Got scoby?

Upstart Kombucha’s Boulder roots and national aspirations

Susan France

In other communities, one might knock on a neighbor’s door to borrow some butter or sugar. Maybe some milk. But in Boulder County, you’re as likely to get a request for scoby.

Scoby, or symbiotic culture of bacteria and yeast, is the living ingredient that turns tea into kombucha. And Boulder’s Upstart Kombucha co-founder Caleb Hanson has been in the position — and maybe it’s safe to assume a common position in Boulder — of having to reach out to a neighbor to salvage a home-brewed kombucha batch.

“We were making a bunch of batches, and we didn’t have enough starter or scoby,” Hanson says. “My wife came in — she had been up the road — and said, ‘One of the neighbors has a bunch of scoby that he’s looking to get rid of. He’s got too much of it.’”

Thus, the origin story of Upstart Kombucha reads like a bad joke: How many Boulderites does it take to make a batch of homemade kombucha? The punchline: One software engineer to build a fermentation chamber in his basement, two software engineers to brew it, and one neighbor (let’s assume a software engineer) to provide his leftover scoby. But it was out of those trial-and-error episodes that Hanson co-founded Upstart in 2013 with Josh Garner and Brian McKinney, of whom all were working in tech, but had been homebrewing beer and kombucha for several years.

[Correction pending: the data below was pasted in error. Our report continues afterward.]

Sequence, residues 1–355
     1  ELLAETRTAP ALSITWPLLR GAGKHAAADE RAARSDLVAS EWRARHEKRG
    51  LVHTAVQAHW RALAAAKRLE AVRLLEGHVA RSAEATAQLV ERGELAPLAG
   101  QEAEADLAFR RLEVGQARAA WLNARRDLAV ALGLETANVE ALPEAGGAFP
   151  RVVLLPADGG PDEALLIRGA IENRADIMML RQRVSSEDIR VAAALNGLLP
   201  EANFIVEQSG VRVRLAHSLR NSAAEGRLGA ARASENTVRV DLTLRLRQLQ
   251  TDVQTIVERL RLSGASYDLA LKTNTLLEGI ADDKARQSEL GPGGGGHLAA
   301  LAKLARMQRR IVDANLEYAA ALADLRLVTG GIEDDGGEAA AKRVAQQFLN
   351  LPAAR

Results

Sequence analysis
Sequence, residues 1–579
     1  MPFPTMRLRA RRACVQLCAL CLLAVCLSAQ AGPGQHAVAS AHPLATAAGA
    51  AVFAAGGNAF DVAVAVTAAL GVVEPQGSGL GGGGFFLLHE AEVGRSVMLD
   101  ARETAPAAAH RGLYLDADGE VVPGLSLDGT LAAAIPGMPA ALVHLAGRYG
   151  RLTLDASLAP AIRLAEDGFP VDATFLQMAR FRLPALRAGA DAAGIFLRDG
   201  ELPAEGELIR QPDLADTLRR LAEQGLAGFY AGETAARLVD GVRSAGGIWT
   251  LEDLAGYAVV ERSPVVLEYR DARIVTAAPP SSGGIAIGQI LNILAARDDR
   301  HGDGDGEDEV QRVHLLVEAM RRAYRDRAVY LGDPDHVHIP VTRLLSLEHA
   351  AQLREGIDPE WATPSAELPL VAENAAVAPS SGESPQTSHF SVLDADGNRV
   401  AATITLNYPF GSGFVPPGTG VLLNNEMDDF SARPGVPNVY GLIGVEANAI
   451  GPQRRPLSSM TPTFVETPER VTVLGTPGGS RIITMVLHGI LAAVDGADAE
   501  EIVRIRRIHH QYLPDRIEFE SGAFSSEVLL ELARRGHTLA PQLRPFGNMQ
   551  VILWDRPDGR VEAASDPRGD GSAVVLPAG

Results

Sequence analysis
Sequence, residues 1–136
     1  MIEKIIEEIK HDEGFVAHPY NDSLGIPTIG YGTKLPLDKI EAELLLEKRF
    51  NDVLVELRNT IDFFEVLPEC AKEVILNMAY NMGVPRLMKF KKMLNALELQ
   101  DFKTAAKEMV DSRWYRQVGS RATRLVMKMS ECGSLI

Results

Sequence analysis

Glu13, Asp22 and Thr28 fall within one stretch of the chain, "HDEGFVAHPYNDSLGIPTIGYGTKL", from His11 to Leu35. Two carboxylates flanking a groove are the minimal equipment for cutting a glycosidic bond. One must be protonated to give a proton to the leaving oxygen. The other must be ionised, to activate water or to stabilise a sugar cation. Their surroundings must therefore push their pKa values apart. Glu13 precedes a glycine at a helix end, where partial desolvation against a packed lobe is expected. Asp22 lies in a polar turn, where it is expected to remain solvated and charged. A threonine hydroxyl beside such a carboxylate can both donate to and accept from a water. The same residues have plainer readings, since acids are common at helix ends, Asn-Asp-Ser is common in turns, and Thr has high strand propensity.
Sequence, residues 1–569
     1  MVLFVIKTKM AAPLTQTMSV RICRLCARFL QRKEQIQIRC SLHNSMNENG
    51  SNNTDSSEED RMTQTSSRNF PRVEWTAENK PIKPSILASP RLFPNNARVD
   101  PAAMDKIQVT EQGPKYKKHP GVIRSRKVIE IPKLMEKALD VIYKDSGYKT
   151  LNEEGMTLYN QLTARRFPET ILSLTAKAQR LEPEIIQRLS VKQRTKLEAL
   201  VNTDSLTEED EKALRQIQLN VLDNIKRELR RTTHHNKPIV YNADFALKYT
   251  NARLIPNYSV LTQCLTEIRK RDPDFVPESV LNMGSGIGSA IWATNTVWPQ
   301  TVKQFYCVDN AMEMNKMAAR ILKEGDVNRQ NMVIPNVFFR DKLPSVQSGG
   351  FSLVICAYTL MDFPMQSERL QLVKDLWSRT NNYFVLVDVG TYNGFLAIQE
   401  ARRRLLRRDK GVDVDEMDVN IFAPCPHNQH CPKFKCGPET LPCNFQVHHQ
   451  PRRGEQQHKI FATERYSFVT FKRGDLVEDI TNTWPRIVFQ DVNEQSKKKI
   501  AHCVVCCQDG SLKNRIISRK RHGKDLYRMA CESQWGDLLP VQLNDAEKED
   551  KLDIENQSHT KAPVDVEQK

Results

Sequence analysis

Today, Upstart operates out of a facility in East Boulder with four 800-gallon tanks. The facility is climate controlled to 75 to 78 degrees to keep batches from going funky. The same starter, or “mother,” Hanson used on that fateful homebrew batch is the one that has fed thousands of batches since. But the techniques Hanson says the three learned early on are still in play today, even if the scale has changed.

“When we started, we were doing five-gallon batches. At one point I built a hotbox in my basement where I could control the temperature, and we had 20ish five-gallon batches going at once. The whole house smelled like kombucha,” Hanson says.

Upstart produces four mainstay kombuchas — mint green, rose bud, lemon ginger and berry black — and throw in occasional seasonal offerings, like chai spice. The kombucha is intentionally more approachable than perhaps other offerings — brews are relatively low in acidity, flavors were honed to appeal to consumers that don’t drink kombucha everyday, and there’s no scoby floating in it. In a burgeoning beverage category, Upstart is trying to carve a niche as the “gulpable” kombucha, one that you could switch out a beer or soda for, and that promises moderate health benefits — the three initially became kombucha drinkers after consuming the tea after runs. Hanson says it had immediate benefits.

“Especially after a long run or hard run, you feel really spent. Your stomach is upset and you need to eat something but you don’t really want to,” Hanson says. “There’s something about [kombucha] that just kind of calms your system down and gets you to the point where you’re ready to move on with your day.

“We have one woman who was training for the Leadville 100 who would stop in at mile 30 of her run, get a drink and keep running,” he says.

Susan France

I can’t vouch for nor endorse any health claims, but I can say that kombucha was first introduced to me years ago — as it may have been to you — as hangover tea, and more often than not, it worked liked literal magic.

But pigeonholing kombucha as a niche drink is exactly the tide Hanson says Upstart is trying to beat back against. The three founders took the leap from homebrewing into professional brewing because they saw an opportunity for the drink to expand its boundaries. They weren’t alone.